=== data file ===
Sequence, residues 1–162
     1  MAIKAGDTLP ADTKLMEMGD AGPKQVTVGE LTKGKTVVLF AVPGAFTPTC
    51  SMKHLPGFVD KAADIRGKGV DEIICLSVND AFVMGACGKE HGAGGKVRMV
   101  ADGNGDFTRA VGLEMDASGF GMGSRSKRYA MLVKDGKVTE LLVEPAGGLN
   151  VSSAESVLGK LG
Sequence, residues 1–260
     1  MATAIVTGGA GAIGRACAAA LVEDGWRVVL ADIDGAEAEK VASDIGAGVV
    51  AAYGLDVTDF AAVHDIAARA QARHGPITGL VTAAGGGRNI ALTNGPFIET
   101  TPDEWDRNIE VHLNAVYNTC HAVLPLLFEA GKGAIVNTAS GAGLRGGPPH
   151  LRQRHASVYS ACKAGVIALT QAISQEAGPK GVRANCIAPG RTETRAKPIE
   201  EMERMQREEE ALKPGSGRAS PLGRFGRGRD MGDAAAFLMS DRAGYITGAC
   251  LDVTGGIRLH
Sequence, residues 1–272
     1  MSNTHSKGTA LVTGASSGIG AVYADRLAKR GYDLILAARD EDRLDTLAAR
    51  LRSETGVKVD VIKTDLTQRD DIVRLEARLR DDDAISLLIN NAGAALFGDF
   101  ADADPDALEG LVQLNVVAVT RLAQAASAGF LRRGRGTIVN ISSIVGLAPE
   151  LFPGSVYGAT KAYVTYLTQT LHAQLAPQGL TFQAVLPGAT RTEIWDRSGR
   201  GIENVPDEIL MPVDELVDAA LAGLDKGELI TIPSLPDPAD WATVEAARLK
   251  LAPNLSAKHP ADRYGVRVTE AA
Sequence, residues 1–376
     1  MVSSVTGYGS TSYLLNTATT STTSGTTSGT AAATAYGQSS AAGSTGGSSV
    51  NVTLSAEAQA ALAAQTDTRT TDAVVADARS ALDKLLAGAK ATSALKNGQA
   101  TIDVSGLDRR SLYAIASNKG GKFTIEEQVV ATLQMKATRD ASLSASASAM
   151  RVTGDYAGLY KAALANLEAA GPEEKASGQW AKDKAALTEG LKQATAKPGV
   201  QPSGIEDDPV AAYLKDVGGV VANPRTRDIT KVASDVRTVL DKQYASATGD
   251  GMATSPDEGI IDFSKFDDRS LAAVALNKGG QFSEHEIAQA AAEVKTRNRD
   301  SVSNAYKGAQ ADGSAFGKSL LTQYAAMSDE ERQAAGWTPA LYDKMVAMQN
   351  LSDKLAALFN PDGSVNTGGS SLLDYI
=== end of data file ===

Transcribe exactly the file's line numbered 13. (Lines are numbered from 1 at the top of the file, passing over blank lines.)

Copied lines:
Sequence, residues 1–272